This spring, HarperCollins will publish "The Legend of Sigurd and Gudrún" by "Lord of the Rings" author J.R.R. Tolkien. Tolkien wrote the book in the 1920s and '30s, while he was professor of Anglo-Saxon at Oxford University, before he wrote "The Hobbit" and "The Lord of the Rings."
"The Legend of Sigurd and Gudrún" is Tolkien’s version – in English narrative verse – of the epic Norse tales of Sigurd the Völsung and the Fall of the Niflungs. Tolkien's son Christopher edited the book and wrote the introduction.
It's not the first time Christopher has published an early work of his father's. In 2007 he edited and brought out "The Children of Húrin," an unfinished fantasy novel.
Little is known about this new work, although a story in today's Guardian suggests that some elements of the story – the slaying of a dragon, the appearance of a gold ring and a broken sword – were later echoed in "The Hobbit" and "The Lord of the Rings."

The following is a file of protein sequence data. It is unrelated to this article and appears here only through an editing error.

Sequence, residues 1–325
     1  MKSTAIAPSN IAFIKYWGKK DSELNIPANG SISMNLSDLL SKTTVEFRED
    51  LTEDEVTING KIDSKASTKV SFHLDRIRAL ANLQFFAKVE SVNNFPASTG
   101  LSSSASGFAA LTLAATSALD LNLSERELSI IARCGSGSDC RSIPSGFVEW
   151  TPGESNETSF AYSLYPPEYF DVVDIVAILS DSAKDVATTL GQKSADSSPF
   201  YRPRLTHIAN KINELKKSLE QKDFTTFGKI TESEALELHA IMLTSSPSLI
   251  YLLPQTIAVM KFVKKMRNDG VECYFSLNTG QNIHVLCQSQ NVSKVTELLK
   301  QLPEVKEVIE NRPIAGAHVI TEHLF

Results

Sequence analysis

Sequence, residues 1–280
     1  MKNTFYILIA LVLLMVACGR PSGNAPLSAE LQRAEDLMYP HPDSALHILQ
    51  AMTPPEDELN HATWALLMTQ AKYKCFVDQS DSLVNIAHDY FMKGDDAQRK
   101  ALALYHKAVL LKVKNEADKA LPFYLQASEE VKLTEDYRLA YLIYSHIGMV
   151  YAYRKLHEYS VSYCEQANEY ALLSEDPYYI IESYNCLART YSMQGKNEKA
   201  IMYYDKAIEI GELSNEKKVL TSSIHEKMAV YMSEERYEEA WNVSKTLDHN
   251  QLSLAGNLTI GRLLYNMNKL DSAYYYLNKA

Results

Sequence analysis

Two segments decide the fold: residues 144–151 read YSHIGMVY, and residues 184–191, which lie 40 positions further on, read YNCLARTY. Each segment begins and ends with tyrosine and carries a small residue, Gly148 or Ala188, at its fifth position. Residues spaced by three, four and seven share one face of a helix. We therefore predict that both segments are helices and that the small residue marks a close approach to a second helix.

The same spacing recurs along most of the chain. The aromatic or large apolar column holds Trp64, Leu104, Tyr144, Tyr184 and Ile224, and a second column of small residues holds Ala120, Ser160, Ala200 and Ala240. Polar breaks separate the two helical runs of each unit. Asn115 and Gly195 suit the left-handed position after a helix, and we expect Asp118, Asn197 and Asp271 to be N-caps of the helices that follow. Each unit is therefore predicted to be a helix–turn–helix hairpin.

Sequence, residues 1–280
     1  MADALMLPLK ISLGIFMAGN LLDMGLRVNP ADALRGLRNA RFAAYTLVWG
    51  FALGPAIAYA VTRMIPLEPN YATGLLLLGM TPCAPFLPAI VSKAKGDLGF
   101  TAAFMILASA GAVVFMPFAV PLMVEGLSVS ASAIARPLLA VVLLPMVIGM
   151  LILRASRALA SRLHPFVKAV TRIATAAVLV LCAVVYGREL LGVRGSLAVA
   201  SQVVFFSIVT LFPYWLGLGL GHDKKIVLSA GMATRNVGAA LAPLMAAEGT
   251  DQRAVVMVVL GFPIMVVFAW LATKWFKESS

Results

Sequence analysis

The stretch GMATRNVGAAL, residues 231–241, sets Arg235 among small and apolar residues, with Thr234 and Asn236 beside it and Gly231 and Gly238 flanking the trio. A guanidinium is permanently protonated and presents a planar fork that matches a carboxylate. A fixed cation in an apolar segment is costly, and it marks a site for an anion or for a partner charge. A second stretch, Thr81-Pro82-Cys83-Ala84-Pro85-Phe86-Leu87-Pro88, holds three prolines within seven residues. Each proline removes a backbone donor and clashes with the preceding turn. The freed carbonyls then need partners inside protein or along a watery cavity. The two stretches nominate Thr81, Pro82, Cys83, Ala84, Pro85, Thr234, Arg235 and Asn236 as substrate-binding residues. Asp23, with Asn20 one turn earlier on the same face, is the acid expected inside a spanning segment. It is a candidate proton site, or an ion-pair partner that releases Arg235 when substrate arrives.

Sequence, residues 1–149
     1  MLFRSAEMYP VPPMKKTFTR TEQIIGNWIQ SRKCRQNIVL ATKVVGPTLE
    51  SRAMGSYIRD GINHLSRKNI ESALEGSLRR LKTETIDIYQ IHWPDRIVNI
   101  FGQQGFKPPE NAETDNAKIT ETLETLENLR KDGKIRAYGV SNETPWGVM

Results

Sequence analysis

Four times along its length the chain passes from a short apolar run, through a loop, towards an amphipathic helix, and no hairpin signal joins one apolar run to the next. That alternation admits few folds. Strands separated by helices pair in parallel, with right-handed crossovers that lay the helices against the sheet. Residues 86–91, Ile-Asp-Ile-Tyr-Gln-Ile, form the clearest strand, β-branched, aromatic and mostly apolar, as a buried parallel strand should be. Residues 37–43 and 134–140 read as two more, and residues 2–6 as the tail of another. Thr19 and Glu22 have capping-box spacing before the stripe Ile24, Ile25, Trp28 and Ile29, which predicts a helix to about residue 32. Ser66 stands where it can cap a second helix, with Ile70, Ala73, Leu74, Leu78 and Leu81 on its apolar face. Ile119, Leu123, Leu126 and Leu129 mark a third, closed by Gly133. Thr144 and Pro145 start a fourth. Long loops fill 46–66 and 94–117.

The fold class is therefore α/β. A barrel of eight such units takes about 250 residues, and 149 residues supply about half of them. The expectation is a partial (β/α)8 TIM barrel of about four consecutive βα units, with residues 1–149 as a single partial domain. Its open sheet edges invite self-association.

Tolkienlibrary.com quotes David Brawn, the publishing director of HarperCollins UK, on the book. Brawn says: "[T]he clue as to what the book will contain is in the title.... You will surmise from this that it is not a Middle-earth book, but we are confident that Tolkien fans will be fascinated by it."
"The Children of Húrin" received a mixed reception from the book world.
HarperCollins, the Guardian suggests, has to hope that the fact that "The Legend of Sigurd and Gudrún" is in narrative verse "won't put off Tolkien's legions of fans."